The most common health concern of frequent users of emergency medical services in Baltimore City is substance use intoxication or mental illness. In fact, 32 percent of Maryland Medicaid enrollees with a substance use disorder visited the emergency department three or more times in a one-year period. We secured $3.6 million in capital funds to build a stabilization center, which will be the first step toward creating a 24/7 "ER" for behavioral health.
The center will provide voluntary care for adults who are intoxicated. In addition to first aid, medical monitoring, hydration, food, clothing, and showers, the Stabilization Center will provide Screening, Brief Intervention, and Referrals to Treatment (SBIRT) as well as case management for up to 30 days after a visit to ensure linkage to treatment, shelter, and health care.
Increasing Capacity for Medication-Assisted Treatment for Opioid Use Disorders
We have convened dozens of stakeholders ranging from city agencies to behavioral health service providers to develop a comprehensive opioid prevention and treatment framework that includes improving access to evidence-based treatment as a core pillar. We have engaged in a months-long strategic planning process with providers to identify strategies for increasing access to medication-assisted treatment for opioid use disorders with buprenorphine. BCHD has worked with our city’s hospital emergency departments to encourage buprenorphine induction and referrals to treatment. We plan to implement a mobile treatment capacity to bring treatment with buprenorphine to hard-to-serve patients who may not seek treatment in the traditional health care system. Similar to Vermont, we are developing a hub-and-spoke model to ensure that everyone who needs treatment has access to a flexible network of providers to meet his or her care needs.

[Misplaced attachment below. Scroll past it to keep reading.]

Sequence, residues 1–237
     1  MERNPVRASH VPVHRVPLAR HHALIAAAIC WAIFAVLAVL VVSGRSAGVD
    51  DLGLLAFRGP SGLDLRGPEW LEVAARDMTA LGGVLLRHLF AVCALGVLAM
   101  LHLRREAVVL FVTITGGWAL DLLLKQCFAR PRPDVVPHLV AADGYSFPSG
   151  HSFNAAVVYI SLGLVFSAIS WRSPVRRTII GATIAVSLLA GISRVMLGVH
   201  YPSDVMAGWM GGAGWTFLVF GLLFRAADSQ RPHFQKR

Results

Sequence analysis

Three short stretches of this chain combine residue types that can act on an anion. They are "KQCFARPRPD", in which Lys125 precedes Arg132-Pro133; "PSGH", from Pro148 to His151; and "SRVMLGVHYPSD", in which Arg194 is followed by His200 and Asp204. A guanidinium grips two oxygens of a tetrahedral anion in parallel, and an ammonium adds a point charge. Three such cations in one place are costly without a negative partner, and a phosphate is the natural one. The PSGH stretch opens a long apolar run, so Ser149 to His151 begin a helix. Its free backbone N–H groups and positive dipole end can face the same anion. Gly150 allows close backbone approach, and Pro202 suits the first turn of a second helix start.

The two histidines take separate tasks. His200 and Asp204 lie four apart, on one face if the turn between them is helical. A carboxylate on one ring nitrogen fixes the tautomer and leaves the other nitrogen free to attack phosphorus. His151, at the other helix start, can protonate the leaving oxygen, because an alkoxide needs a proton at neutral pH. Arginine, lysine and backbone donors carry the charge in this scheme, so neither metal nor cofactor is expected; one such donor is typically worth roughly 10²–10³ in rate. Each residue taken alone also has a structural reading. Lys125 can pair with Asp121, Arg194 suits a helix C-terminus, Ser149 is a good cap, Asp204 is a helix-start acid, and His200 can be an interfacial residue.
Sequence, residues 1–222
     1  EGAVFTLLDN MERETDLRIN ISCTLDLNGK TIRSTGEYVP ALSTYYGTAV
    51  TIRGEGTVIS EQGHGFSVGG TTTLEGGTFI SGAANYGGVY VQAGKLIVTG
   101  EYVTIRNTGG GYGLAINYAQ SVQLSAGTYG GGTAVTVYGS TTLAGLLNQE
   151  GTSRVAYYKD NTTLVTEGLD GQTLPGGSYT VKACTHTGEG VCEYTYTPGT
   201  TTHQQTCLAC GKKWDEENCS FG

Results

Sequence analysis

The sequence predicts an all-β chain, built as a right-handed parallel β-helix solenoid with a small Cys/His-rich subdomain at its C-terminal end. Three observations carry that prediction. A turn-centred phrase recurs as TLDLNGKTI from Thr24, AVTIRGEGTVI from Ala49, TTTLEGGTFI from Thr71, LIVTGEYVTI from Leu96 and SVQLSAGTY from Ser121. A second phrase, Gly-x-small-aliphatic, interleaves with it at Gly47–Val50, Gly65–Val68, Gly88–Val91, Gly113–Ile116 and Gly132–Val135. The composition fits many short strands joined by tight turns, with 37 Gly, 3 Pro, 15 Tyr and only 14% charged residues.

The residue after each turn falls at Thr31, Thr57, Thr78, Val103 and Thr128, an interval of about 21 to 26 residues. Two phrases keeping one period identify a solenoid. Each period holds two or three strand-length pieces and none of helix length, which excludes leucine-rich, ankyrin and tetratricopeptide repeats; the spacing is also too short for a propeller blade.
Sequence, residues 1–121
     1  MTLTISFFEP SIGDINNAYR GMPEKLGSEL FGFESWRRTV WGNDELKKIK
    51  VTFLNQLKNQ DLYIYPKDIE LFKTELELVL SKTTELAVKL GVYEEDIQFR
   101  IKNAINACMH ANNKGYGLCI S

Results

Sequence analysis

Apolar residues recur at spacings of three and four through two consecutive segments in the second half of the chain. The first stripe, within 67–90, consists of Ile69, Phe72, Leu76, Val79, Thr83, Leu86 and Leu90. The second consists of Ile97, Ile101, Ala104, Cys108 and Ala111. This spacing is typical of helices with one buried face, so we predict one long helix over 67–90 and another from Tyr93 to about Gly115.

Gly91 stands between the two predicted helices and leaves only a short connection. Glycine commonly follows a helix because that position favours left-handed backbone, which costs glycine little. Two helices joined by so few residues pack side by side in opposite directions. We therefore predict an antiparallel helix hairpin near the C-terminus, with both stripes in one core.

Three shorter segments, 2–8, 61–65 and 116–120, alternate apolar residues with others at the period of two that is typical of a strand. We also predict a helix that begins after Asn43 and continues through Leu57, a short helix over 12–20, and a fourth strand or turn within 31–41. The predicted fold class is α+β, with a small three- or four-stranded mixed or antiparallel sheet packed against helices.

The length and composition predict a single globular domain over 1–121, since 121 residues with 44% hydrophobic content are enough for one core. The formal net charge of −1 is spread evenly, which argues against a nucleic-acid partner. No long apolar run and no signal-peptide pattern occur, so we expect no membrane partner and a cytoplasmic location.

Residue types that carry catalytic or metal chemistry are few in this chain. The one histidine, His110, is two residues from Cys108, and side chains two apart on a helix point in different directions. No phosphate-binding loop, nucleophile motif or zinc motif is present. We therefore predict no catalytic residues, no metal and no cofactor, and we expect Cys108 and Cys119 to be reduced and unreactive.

BCHD is collaborating with the NIDA and other partners on a pilot to provide methadone through pharmacies in Baltimore City. This model will increase access to treatment in underserved parts of the city and further integrate medication-assisted addiction treatment into the health care system.
Improving Relations Between Treatment Providers and Communities
To address concerns that residents have about the presence of substance use disorder treatment centers in their communities and ensure access to care across the city, BCHD recently convened a work group of community and treatment system leaders to improve distribution of substance use treatment services in the city and encourage providers to adopt practices that make them good neighbors. The work group has held public meetings to seek input from city residents and will make recommendations and work with communities to address their concerns about the presence or absence of treatment services in their neighborhoods.
Baltimore is a city that cares about the health and well-being of every resident. BCHD has declared opioid addiction and overdose to be a public health emergency. As a city, we are striving to make medication-assisted treatment for opioid use disorders and other levels of addiction treatment available on demand to everyone who needs them. We have made great strides, yet we continue to see that opioids are ravaging our neighborhoods and families. We remain committed to fighting this scourge until we overcome it.